Wisdom teeth are the last teeth to develop in your mouth. These are the last set of molars to arrive—showing up after your incisors, canines, premolars and molars have made their debut. The first molars erupt in your mouth by the time you are six, and the second molars erupt around age 12. Wisdom teeth come in between the ages of 17-21, and sit behind the molars.
Nicknamed “wisdom teeth”, these come in just as you are maturing into adulthood (in your late teens or early twenties) at the age when people become wiser. They have been called “teeth of wisdom” since the 17th Century. The nickname was shortened to “wisdom teeth” in the 19th Century. Research shows that the brain continues to develop through the twenties, and the decision-making, or rational part of the brain–the prefrontal cortex–isn’t fully developed until age 25, so the name is actually quite apt!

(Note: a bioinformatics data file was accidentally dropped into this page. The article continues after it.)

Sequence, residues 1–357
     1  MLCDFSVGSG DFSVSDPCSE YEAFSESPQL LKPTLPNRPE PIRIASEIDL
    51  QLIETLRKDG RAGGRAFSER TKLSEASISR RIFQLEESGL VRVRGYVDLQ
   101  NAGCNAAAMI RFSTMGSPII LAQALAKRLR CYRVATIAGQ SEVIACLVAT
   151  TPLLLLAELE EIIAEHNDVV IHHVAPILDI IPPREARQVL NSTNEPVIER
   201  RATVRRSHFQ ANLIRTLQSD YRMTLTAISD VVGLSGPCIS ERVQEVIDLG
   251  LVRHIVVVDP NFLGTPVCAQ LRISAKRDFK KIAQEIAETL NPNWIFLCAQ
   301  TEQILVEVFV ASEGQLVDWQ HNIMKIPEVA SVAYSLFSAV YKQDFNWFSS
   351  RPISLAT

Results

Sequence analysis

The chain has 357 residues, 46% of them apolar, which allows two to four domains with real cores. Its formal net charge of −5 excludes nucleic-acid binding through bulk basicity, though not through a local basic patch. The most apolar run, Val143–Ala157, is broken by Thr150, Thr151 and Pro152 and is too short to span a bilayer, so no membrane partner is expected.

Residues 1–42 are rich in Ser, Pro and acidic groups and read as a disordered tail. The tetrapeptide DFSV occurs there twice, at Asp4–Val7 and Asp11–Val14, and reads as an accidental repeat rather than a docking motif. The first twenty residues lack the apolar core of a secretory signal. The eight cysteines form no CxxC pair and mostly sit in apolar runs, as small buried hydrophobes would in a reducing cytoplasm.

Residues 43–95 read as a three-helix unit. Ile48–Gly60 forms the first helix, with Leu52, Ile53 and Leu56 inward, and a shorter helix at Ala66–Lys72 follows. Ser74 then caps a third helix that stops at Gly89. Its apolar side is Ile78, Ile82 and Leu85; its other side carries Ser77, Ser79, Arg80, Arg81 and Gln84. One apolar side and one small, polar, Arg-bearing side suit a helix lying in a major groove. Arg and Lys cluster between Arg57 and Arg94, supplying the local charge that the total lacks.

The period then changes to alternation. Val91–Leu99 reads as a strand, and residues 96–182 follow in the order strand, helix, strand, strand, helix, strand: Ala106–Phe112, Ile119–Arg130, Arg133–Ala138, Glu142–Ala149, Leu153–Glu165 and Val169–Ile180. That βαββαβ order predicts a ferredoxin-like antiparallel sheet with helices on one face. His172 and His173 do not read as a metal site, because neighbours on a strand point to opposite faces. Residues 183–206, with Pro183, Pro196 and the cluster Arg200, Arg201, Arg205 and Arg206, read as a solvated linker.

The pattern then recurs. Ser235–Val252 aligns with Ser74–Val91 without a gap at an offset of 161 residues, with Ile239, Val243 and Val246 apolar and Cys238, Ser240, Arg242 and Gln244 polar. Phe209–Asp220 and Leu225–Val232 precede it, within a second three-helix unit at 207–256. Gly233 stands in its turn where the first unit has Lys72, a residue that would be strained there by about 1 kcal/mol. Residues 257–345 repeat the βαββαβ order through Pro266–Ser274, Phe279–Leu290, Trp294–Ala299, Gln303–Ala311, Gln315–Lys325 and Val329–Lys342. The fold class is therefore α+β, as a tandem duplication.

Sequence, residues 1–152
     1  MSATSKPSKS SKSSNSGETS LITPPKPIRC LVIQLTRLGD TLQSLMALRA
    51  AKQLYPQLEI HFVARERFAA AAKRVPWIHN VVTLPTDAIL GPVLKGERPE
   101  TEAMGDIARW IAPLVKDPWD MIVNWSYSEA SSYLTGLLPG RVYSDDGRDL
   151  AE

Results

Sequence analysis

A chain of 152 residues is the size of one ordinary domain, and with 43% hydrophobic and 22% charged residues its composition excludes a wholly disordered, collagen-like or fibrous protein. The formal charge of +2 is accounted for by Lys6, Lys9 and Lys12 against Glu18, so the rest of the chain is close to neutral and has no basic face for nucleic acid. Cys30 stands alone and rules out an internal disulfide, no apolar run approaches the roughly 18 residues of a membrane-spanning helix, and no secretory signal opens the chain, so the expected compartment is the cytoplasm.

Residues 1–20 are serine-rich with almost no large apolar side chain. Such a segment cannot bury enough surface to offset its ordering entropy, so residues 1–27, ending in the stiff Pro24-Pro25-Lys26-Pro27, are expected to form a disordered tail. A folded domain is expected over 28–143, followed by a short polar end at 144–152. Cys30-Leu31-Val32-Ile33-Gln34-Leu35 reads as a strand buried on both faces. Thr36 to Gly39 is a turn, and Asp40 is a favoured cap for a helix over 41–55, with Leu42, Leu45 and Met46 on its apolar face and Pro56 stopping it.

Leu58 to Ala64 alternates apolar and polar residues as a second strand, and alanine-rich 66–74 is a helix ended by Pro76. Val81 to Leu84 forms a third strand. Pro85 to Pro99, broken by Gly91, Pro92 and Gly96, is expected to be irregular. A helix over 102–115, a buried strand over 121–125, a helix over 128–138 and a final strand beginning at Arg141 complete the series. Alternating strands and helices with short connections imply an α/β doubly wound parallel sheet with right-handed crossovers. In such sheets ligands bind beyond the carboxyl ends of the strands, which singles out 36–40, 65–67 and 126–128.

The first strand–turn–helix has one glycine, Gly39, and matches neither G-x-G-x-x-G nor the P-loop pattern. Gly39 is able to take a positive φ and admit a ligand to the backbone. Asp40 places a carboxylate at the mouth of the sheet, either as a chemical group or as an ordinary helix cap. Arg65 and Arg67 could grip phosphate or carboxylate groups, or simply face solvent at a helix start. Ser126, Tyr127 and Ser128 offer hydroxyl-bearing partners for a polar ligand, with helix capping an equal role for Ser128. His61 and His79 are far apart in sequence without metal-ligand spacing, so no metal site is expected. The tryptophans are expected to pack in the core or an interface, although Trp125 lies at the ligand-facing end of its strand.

It is possible to never have any problem with the wisdom teeth, and if they are not causing misalignment, they can be left alone. But since they are in the back of the mouth, they can be hard to clean, and difficult to brush and floss thoroughly. This can make them vulnerable to tooth decay and gum disease as they are a magnet for plaque-causing bacteria. For example, if a wisdom tooth is partially erupted, it may be susceptible to infection, known as pericoronitis, where bacteria from food, plaque and debris is trapped in the space between the impacted tooth and the gums.
Misalignment can occur because of the location of your wisdom teeth, which crowds surrounding teeth, as well as the jawbone or nerves. Because of this, and their potential to cause pain and infection, your dentist may recommend removal. The earlier they are removed, the better, as the bone is not as dense and the roots not yet fully developed when you are younger. Having your wisdom teeth removed when you are older may risk damaging the inferior alveolar nerve, which is a major nerve situated near the lower jawbone. To help decide if your wisdom teeth need to be removed, X-rays will be taken.
If you have any questions or concerns about your wisdom teeth, consult with your dentist to maintain your healthy smile! You can reach our team at Mockingbird Dental Associates at (770) 386-3908.